Sew the casement side shut with a zig-zag
     Then wrap pull a piece of elastic around your back, lining each edge up with the side seams of your shirt. Pull the elastic comfortably snug. Feed this piece through the back casement, sewing each edge secure like you did for the front ribbon.

     Wrap your second piecee of elastic around yourself where you want the top of the shirt to sit, again pulling it comfortably snug. Then cut it in half, and feed one half through the front piece, and one through the back, agai sewing each side of each casement shut while secureing the elastic. The front piece will look like this.

     If you put your casement lower on your back piece then your front, you'll need to make the two meet before you sew the side seams.  If they are the same, you can skip this step. Sew a gathering stitch from the top hem to the casement on your front piece (it's just a straight stitch with the stitch length set to the longest setting possible)

Then pull the top thread on one side to gather the material slightly so that the hem and casement line up on the front and the back. Then sew your sides seams. I like to use a french seam so that there are now raw edges inside.

     If you wanted a tube top, you're done! If you wanted straps, you have just a few minutes left. If you have a tube turner, you can make the straps but turning a skinny tube inside out. I don't have  tube turner, so I had to get creative.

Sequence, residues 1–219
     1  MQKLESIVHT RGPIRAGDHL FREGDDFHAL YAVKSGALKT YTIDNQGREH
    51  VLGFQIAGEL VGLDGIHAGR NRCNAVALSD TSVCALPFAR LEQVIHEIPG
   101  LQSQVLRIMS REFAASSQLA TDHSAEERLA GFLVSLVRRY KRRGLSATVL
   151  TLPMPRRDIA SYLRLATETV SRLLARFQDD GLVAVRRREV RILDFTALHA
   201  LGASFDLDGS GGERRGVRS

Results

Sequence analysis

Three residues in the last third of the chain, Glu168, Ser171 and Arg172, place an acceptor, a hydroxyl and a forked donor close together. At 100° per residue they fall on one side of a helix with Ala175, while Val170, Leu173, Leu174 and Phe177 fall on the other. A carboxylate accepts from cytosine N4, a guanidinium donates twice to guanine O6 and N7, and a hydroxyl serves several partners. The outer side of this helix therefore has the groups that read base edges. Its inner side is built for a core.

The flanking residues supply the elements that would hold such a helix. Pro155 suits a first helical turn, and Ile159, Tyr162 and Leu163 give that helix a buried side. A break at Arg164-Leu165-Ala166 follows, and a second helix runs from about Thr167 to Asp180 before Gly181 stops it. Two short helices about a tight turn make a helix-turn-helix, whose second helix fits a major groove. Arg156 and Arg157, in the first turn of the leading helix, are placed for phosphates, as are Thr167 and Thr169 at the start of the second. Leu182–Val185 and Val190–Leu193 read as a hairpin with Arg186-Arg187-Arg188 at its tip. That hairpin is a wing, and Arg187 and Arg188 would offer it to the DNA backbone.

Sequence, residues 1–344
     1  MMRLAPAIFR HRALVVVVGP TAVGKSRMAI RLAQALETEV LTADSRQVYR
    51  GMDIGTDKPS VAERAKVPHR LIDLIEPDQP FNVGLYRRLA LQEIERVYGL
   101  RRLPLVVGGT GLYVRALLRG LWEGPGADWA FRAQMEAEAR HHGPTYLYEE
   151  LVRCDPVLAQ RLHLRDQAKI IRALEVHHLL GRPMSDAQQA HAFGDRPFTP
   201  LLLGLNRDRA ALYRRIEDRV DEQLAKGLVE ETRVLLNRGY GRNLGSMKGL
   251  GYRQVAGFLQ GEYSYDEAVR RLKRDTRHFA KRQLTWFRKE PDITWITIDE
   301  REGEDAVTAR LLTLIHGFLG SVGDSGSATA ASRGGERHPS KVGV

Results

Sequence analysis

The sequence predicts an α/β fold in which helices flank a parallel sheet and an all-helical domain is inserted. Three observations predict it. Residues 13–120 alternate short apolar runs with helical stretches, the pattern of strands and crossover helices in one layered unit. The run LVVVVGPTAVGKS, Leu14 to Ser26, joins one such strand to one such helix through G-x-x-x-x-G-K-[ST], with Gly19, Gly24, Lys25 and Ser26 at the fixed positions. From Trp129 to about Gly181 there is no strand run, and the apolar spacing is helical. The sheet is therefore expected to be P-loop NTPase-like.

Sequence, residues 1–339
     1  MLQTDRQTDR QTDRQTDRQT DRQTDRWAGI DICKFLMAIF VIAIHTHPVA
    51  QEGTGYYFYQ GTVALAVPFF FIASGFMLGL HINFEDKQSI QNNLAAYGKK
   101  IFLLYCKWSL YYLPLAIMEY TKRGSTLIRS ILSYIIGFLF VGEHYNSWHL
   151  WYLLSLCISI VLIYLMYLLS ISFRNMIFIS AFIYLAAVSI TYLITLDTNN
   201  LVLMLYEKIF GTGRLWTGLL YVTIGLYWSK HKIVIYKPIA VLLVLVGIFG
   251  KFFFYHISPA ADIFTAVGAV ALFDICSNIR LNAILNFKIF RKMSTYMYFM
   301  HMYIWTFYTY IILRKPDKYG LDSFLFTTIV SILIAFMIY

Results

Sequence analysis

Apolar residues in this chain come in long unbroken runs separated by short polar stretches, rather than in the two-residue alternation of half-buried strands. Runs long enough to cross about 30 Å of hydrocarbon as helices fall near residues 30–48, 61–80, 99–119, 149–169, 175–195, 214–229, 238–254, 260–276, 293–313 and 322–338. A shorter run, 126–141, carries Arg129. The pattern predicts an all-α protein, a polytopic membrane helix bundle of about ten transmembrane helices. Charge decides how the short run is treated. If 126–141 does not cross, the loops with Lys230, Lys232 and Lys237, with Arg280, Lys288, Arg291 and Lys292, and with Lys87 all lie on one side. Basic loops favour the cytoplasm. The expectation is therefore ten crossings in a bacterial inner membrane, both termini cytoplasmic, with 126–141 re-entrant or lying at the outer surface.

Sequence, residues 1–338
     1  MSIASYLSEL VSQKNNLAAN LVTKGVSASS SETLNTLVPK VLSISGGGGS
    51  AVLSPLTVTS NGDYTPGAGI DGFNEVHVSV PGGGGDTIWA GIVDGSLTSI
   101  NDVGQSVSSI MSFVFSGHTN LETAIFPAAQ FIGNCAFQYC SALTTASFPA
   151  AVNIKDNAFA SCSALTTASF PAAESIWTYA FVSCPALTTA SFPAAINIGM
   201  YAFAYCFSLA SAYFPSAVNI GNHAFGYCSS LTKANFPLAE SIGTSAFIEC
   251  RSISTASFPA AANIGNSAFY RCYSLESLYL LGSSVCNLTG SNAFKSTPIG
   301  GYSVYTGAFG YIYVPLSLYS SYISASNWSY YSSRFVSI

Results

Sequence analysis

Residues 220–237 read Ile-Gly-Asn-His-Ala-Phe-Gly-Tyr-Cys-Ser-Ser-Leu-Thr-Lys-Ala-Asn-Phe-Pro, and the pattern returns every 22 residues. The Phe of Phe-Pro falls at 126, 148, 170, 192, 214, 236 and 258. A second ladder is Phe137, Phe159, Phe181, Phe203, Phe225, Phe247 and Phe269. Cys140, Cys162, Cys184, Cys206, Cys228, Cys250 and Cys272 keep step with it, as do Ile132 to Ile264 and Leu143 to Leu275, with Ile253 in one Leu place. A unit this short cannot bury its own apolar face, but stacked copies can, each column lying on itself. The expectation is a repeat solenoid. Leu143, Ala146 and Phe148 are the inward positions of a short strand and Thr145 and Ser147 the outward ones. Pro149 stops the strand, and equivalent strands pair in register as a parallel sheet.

Fold the raw edges of each strip in 1/2 of an inch.

     Then fold the strip in half, and sew it shut.

The last step is to sew your straps on! (I found the easiest way was to simply put the top on, and line the straps up with my bras straps and pin them there.) You could make a halter top, a racing back, or the traditional setting, or anything else you can think of.

     Tada! You're done! Slip into your new top and get ready to beat the heat. I finished this in an afternoon, even while taking pictures. My second one only took me an hour, and I'm sure that with practice, you could churn out a dozen of them in no time!     

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Lora said...

Great tutorial! Do we get a model? It'd be easier to gauge how I want to make my own if I got to see a picture with the tank on someone.

Daniela said...



Amanda @ Serenity Now said...

Wow!! You did a fantastic job. I love it--looks so soft and light-weight. Great tutorial!

Thanks for joining my Weekend Bloggy Reading party. :) Hope you'll stop by Serenity Now again soon! :)